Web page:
Erin Brockovich

Directed by Steven Soderbergh

A cell-phone conversation between Erin and George, in which he tells her that her baby girl has spoken her first word during Erin's prolonged absence, is perhaps the most striking scene in the film -- and the most sincere thing Roberts has ever done on film. She can't decide whether to smile or cry, so she does both at once -- the proud mother, ashamed at what she's done to her children but unable to help it or apologize for it. See, she not only wants justice for the residents of Hinkley, she wants their respect (and Ed's, and George's), because that's the only thing in life she's never had. "Years ago I was Miss Wichita, for Chrissakes," she tells George, when he later demands she give up her job. "I thought I was gonna do something important with my life. This job ... for the first time in my life, I got people respecting me. I never had that -- ever. Don't ask me to give that up." Like everything else in the film, it's an honest, moving moment -- and so on the nose, it's like getting tapped by Mike Tyson. At times it feels less a script than an inspirational speech.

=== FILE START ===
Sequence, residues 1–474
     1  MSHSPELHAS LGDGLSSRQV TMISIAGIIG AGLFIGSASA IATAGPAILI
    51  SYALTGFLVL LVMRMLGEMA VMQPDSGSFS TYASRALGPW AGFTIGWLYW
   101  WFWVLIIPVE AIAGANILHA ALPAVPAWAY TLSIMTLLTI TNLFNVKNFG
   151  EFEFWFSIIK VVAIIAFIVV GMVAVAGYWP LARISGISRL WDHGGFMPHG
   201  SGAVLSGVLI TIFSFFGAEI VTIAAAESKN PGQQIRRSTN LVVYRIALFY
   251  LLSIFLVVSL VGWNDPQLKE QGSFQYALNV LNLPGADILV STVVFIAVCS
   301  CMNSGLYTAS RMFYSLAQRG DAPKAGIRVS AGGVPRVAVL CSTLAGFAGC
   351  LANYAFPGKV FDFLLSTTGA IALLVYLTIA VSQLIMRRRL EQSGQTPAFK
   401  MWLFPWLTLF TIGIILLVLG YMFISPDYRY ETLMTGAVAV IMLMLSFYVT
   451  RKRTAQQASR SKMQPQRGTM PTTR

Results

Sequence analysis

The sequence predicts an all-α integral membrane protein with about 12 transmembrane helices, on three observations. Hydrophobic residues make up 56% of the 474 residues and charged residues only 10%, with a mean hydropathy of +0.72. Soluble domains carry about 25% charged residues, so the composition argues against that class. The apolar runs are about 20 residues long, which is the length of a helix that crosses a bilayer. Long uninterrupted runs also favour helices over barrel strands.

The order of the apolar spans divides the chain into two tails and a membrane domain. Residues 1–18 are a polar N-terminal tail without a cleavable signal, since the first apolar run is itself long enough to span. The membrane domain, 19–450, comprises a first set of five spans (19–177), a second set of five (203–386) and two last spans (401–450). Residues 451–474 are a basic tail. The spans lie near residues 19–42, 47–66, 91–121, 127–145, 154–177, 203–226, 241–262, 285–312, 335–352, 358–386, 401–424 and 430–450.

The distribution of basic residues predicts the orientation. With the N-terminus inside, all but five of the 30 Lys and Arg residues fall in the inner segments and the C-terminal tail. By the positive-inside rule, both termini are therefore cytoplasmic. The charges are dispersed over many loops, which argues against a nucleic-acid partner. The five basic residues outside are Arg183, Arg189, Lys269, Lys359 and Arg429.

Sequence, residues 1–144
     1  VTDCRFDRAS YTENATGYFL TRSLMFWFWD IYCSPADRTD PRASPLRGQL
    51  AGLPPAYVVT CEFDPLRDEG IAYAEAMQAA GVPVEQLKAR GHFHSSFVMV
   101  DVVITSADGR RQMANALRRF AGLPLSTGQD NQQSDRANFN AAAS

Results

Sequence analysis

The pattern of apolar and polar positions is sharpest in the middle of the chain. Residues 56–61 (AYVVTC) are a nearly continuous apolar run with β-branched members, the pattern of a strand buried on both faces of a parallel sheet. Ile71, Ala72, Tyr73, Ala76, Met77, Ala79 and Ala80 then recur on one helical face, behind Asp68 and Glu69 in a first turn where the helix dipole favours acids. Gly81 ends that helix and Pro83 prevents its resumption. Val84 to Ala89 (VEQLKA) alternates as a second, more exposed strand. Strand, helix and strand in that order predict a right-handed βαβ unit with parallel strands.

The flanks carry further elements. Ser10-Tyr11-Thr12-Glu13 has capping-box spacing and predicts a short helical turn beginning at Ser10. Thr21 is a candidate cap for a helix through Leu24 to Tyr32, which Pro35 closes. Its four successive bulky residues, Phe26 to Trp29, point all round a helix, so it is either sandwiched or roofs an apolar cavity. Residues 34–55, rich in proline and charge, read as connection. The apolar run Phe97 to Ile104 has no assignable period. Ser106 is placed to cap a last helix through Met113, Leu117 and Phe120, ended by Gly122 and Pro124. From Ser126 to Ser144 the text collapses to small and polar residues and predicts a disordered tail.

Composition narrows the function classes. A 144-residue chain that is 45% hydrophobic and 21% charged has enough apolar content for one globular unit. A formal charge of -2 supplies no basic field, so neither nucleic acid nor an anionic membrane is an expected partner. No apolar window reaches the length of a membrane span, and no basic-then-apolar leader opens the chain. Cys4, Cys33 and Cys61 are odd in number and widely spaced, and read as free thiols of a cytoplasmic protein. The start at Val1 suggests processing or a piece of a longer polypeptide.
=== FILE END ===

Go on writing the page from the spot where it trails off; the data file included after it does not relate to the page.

To the film's credit, Erin's investigation often feels beside the point. This is less a film about exacting justice than it is a film about a film about exacting justice. It's as though Soderbergh and Grant know there's no way to tell this story without commenting on its familiarity (no, it's obviousness) or almost apologizing for its truth-is-better-than-fiction, fairytale ending. So they undercut every moment of tension with a smart laugh, a wry punchline -- almost all of which are about Erin's tits. It's effective to a point, but the film begins to lose momentum by the end, just around the time Erin tells Kurt Potter (a smarmy Peter Coyote, as though there's any other kind), a lawyer Ed has brought in to assist with the case, that the only reason she got this far is because "I just went over and performed 634 sexual favors, and boy, am I tired." Sit through this, and you'll know a little of how she feels.

Opens March 17.

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